The Budget edition of TaxWise referred to recently announced changes to the living-away-from-home allowance (LAFHA). The proposed changes:

  • Mean that employees, rather than employers, will be liable to tax on any LAFHA received that is not exempt;
  • Limit access to LAFHA to temporary residents who maintain a residence in Australia and who are required to live away from it for work purposes;
  • Require individuals to substantiate their actual expenditure on food and accommodation in excess of the statutory amount.

These changes are due to apply from 1 July 2012. All employers who provide these types of benefits to their employees should consider reviewing their current arrangements and seeing how these proposed changes might affect those arrangements.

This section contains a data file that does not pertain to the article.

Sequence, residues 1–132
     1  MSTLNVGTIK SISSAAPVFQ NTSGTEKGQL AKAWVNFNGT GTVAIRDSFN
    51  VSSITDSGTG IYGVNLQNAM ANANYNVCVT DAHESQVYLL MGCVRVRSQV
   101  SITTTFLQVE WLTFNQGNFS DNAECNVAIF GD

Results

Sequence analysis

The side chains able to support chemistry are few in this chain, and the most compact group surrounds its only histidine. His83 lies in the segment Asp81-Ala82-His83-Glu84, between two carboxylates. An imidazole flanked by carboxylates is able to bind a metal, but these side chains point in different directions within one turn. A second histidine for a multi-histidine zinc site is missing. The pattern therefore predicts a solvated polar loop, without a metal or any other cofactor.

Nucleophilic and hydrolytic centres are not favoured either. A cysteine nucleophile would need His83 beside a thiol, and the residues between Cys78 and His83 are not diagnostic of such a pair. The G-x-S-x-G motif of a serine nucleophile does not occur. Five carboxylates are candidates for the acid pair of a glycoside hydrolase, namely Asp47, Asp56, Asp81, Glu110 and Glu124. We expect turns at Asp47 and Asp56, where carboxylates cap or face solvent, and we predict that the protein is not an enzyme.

To do!If you think the proposed LAFHA changes will impact arrangements you have in place with your employees, you should speak to your tax agent to discuss how these changes might affect you and your employees.

Note!The legislation has not been finalised yet so the details of the changes could change. Your tax adviser is the best person to keep you up to date with these developments.

A) Previous Announcements

In March 2012, changes to super were announced. These changes include:

  • The superannuation concessional contributions cap will remain at $25,000 for individuals under 50 years of age up to and including the 2013-14 financial year, commencing 1 July 2013;